Definitely B, it would be a violation of Single Responsibility Principle to do A since that's really not the purpose of that block of code.
my personal preference is only to do validation like that however on boundary methods; like web service endpoints or general API fascia of some nature, after that I find maintainability improved when the code let's improper usage just cause an error naturally (dereferencing for instance in your case), this way when what previously was invalid input becomes valid input, there's less code churn. Besides, an exception will be thrown if you use it, so why bother throwing your own exception?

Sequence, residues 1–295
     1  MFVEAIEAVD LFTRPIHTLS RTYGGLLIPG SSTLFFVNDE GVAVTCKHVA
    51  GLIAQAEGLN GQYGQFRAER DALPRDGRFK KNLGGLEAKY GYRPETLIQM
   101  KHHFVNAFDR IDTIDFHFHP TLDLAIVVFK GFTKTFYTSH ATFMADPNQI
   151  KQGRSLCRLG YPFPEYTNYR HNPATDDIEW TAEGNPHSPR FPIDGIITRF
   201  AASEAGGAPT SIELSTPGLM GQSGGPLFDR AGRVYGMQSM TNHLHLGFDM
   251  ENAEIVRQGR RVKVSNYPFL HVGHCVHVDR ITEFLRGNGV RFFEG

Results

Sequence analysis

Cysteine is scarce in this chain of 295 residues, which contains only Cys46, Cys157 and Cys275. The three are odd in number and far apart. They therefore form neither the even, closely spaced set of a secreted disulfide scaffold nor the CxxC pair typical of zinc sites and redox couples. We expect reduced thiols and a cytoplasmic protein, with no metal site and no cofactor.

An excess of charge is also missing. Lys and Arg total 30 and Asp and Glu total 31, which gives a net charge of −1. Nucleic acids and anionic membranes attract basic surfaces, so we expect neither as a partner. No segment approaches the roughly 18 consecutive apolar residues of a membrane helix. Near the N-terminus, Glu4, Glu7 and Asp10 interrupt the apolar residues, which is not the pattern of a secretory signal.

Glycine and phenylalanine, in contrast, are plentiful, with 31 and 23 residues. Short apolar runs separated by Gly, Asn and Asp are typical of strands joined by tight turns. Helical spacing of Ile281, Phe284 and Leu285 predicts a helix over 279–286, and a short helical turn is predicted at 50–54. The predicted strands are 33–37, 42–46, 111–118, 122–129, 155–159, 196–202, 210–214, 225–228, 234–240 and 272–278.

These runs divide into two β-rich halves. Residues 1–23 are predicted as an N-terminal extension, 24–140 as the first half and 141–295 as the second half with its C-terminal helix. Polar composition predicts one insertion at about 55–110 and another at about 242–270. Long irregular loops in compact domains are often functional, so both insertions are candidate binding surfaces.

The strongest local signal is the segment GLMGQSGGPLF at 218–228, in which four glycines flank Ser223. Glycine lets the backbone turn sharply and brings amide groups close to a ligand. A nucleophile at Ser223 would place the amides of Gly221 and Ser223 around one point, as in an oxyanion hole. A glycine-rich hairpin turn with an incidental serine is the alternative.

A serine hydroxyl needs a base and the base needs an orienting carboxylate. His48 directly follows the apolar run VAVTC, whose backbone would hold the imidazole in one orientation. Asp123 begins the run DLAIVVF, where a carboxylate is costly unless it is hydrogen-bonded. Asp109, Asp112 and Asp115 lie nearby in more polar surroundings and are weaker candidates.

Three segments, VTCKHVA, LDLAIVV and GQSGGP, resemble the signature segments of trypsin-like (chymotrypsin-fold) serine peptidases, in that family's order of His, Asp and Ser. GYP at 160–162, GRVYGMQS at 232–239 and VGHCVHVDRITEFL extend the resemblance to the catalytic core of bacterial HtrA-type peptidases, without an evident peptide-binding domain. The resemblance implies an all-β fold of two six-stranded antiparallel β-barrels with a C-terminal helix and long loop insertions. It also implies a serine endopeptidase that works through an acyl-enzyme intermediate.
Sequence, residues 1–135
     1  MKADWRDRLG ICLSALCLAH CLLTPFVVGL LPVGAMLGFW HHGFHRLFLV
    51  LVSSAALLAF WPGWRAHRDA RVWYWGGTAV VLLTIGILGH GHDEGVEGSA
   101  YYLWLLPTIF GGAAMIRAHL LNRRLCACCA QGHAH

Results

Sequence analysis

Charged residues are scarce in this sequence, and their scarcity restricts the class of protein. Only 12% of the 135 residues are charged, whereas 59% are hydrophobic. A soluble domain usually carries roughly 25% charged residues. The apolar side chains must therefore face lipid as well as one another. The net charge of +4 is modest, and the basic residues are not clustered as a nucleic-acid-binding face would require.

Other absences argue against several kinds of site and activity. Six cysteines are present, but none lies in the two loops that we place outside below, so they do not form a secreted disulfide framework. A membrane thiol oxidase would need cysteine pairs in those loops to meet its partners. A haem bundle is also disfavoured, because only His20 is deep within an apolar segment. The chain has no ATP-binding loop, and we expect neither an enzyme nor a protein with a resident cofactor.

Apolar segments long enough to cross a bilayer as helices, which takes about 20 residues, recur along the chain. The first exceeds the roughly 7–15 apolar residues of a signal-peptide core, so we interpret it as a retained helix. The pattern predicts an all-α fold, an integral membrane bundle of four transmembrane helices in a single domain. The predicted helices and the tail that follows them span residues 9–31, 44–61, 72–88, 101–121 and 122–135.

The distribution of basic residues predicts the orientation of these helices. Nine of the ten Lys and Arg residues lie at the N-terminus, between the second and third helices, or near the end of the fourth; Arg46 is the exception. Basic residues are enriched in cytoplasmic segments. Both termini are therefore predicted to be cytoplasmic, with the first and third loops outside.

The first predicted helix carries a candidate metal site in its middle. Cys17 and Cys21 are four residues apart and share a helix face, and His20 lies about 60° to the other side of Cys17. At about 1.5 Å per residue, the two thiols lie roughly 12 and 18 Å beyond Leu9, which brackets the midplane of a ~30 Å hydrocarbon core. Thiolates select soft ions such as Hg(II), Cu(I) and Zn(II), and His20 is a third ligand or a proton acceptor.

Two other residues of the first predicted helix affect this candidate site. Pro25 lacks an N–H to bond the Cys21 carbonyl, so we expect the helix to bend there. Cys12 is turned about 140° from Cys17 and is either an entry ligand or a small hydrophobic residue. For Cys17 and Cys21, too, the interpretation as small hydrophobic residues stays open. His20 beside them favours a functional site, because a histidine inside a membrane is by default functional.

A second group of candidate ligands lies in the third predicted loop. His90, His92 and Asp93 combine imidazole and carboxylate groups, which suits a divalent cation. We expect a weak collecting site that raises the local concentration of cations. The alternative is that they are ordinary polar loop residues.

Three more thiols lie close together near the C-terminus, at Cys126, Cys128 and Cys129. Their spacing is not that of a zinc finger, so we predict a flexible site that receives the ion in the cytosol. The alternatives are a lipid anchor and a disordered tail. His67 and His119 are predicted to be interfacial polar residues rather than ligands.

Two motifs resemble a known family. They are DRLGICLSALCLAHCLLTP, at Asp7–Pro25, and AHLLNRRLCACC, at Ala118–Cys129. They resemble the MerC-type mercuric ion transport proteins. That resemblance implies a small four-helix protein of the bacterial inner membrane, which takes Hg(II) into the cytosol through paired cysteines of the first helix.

This preference about often avoiding guard statements is mine and mine alone, take it with a grain of salt and only to mean that you should analyze your scenarios yourself to see what makes most sense to you, don't always use guard statements just because "best practices"
That said, for this particular case I tend to take advantage of the null coalesce operator; if I want to do something with a collection which I feel may be null for some reason, I'll instead deal with
(thatCollection ?? new List<T>()) in place of it, so you end up treating a null list like an empty list as a part of your functions contract as opposed to meddling with somebody elses object which isn't your responsibility. This is only valid if you are not adding elements to the collection.
I take the approach I do just to be robust as it avoids future churn, though I make certain it's a valid behaviour within the functional requirements before I take that approach (it often is). Remember:
Be conservative in what you send, be liberal in what you accept